The era of driverless cars comes down the road.
But not fast enough for a Briton who came into conflict with the law when he was placed on autopilot in the passenger seat of a Tesla set with his hands behind his head about 40 miles an hour.
nobody was in the driver's seat.
Witnesses told police that "traffic was heavy" last May when they saw the non-driving, Bhavesh Patel, 39, of Nottingham, England, in his white Tesla S60 on the M1 motorway near Hemel Hempstead [PolicesaidinastatementthatMrPatelwhoownedthecarforaboutfivemonthsbeforestuntownershipdidwhathehaddonewas"silly"butsaidthecarwascapableofsomething"amazing"andthathewasonlythe"unfortunateonewhowascaught"
According to the Bedfordshire, Cambridgeshire and H. The person who was traveling in another car used a cellphone to record a video of Mr. Patel.
The police said Patel had turned on the car's semi-autonomous driving function while she was moving, and then hopped into the passenger seat – "leaving the steering wheel and foot controls completely unmanned."
The mobile footage was first published on social media before it was reported to the police, which sent Mr. Patel a "notice of intentional persecution". He was later interviewed at Stevenage Police Station.
The authorities consulted a Tesla engineer who said the autopilot features should "support a fully attentive driver."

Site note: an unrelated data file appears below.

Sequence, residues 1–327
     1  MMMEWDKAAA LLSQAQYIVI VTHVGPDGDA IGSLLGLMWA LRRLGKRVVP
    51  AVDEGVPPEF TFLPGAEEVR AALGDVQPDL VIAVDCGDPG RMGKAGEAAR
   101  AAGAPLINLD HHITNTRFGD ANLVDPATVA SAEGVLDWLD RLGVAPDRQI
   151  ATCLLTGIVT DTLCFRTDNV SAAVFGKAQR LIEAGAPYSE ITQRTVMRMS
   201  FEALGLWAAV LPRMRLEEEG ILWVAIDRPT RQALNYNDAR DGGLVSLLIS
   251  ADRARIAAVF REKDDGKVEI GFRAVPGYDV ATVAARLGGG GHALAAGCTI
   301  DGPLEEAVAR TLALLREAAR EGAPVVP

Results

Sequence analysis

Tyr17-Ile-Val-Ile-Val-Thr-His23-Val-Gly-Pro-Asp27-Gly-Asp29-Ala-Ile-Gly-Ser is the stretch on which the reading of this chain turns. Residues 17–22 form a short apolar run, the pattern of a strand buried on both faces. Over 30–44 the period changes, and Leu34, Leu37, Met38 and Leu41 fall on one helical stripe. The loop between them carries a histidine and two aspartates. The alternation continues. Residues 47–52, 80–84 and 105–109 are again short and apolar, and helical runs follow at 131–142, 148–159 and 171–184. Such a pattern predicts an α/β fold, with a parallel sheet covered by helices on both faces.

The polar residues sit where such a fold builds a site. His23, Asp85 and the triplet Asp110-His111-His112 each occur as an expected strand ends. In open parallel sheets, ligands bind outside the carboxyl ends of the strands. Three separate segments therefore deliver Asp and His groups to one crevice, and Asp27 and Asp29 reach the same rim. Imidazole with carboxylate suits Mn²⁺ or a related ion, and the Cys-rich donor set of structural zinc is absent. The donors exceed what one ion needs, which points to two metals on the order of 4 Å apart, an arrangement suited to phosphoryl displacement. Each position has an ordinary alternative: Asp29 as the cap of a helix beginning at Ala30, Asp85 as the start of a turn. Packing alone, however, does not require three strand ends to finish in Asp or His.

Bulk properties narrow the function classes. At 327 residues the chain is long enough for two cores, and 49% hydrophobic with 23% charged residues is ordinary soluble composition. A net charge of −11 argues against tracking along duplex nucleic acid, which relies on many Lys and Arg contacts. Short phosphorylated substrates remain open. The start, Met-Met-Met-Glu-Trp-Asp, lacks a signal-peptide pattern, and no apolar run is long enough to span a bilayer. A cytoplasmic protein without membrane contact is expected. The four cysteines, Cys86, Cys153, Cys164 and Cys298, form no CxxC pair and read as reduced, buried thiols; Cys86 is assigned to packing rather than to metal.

Investigator Kirk Caldicutt said, "What Patel did was grossly irresponsible and could easily end up in a tragedy, endangering not only his own life, but the lives of other innocent people who died that day Highway used. "
Two drivers have died in the US in Tesla autopilot cars: one in a Model S sedan in Florida in 2016 and the other in a Model X Sport Utility Vehicle in California in March this year.
March also saw what was the first pedestrian death associated with self-propelled technology when a Volvo for autonomous operation retrofitted by Uber – who had an emergency driver behind the wheel – hit and killed a woman on a road in Tempe, Ariz.
When investigating Florida's death in 2016, the National Highway Traffic Safety Administration concluded that it was not due to a fault in Tesla's systems, but it turned out that autopilot had no safety precautions to prevent its abuse prevent.
As for Mr. Patel, who could not be reached for comment on Sunday, St. Albans Crown Court ordered him to complete 100 hours of community service and 10 days of rehabilitation, in addition to the driving ban, and £ 1,800 – about 2,480 Dollars – for the cost of his prosecution.
"This case should serve as an example for all drivers who have access to autopilot controls and have thought about trying something similar," added Constable Caldicutt in a statement.
"I hope Patel uses his disqualification period to think about why he chose such a reckless decision."